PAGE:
For the first time ever, cash-rich tech companies are leasing more of Manhattan’s priciest office space than any other sector.
In its latest Hedge Fund Report, JLL found that 60 percent of all leases for Manhattan office space priced over $100 psf in 2019 were TAMI firms.
Financial tenants took 12 percent of the $100-plus psf leases, with private equity firms taking 10 percent, legal taking seven percent, hedge funds taking five percent, real estate taking two percent, other non-financial taking two percent, and co-working taking two percent.
According to the report, 145 deals involving tenants able and willing to pay over $100 psf for trophy offices were signed last year compared to 138 in 2018 and 102 the year before. Some 64 percent were new leases, while the rest were for renewals or expansions.
Nearly half the deals inked (49 percent) took place in Hudson Yards and the far West Side with 4.3 million of s/f of leasing. Just a year earlier, there were just 252,787 s/f of space leased in the area. Additionally, a new submarket, Hudson Square, has emerged to take 15 percent of Manhattan’s $100+ psf leases.
The report also found that in addition to the number of high-end deals, the overall volume of leasing for this kind of space soared by 48 percent, as more companies looked to establish new headquarters.
In 2019, 8.8 million s/f of space was leased starting at $100 psf or higher — 4.2 million s/f more than the total in 2018. This deal volume represents 30 percent of the total office leasing activity (29.5 million s/f) in Manhattan in 2019.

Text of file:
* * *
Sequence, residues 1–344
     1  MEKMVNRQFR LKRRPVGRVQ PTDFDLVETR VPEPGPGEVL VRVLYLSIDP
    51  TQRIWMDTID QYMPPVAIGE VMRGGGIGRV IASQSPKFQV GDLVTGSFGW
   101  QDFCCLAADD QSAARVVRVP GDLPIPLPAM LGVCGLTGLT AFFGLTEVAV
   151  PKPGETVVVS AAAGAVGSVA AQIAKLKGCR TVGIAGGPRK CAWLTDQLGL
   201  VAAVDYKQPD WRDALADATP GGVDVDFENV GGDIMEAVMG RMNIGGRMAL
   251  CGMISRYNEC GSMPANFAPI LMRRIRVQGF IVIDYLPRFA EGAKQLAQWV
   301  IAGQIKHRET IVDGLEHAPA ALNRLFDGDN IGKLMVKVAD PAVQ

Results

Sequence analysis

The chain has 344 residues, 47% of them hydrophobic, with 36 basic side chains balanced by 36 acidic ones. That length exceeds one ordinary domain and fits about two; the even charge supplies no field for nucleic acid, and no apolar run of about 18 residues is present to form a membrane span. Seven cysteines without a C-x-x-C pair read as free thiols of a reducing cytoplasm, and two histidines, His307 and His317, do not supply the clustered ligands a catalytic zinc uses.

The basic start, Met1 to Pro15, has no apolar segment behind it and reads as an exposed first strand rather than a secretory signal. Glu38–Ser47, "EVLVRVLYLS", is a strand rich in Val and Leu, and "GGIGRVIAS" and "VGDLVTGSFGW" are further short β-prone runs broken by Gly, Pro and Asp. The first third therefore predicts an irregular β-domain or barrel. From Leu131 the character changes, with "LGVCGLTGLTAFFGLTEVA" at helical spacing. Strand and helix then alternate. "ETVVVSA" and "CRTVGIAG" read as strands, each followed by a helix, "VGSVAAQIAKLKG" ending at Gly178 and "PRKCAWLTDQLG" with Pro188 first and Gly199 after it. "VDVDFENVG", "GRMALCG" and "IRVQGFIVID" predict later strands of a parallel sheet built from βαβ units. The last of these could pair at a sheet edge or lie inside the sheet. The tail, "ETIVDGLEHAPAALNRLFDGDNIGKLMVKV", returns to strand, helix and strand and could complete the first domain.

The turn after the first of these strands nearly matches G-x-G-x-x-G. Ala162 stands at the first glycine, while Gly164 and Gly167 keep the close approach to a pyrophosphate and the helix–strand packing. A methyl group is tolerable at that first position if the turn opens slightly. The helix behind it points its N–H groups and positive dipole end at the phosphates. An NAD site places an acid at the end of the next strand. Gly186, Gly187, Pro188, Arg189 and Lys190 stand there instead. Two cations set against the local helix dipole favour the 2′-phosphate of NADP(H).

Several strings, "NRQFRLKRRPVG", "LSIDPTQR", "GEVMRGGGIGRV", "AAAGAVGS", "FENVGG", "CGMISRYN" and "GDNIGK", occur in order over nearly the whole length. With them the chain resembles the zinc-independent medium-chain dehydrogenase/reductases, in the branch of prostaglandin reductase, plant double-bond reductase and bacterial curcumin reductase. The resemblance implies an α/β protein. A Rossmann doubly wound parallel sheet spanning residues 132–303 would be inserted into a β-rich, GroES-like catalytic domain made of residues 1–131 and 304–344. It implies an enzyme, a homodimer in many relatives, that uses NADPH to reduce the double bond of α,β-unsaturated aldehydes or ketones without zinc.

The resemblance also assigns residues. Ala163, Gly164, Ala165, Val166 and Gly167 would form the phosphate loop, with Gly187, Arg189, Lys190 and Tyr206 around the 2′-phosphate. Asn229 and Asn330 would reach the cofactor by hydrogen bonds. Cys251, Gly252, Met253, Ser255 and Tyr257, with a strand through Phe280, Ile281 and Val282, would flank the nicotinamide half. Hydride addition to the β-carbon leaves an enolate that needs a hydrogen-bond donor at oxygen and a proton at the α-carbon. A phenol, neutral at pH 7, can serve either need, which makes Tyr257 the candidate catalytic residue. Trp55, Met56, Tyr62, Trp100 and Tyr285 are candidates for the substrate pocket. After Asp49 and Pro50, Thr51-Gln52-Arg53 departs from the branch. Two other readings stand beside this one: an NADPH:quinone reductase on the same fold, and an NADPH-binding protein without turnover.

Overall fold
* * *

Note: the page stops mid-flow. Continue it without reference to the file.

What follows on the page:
The largest transaction was the 1.46 million s/f Warner Media commitment at 30 Hudson Yards, with the next largest being the 1.3 million s/f Google lease at St. John’s Terminal and a 1.2 million s/f Facebook lease at 50 Hudson Yards. The average size of top ticket office leases was 60,552 s/f, although removing the top three brings the average size to 33,911 s/f.
The $100+ space was limited to 64 buildings, but this is also more than in 2018, when there were 56 buildings at that rent level. Buildings that entered this zone for the first time were Midtown South’s 295 Lafayette Street, 817 Broadway, 620 Avenue of the Americas, St. John’s Terminal and 2 Crosby Street. In Midtown, there was 66 Hudson Boulevard/Spiral and Morgan North.
The buildings able to charge the highest prices were new development and re-positioned properties.
In 2019, the volume of new and redeveloped space leased exceeded 6.3 million s/f, a significant jump from the $1 million s/f of the same type of space leased in 2018. Sixty-eight percent of new construction leases were in Hudson Yards or Manhattan West.
The landlords who leased the most $100+ psf space in 2019 were Related Companies (12 deals for a total of 3.14 million s/f), Oxford Property Group (17 deals for a total of 2.97 million s/f), Tishman Speyer (eight deals for a total 1.15 million s/f) and Boston Properties (18 deals comprising 400,500 s/f). The building with the most $100+ psf deals was 767 Fifth Avenue, the GM Building with 10 transactions. In second place with nine deals was 590 Madison Avenue.
The building that charged the highest recorded rent was One Vanderbilt at $185 psf.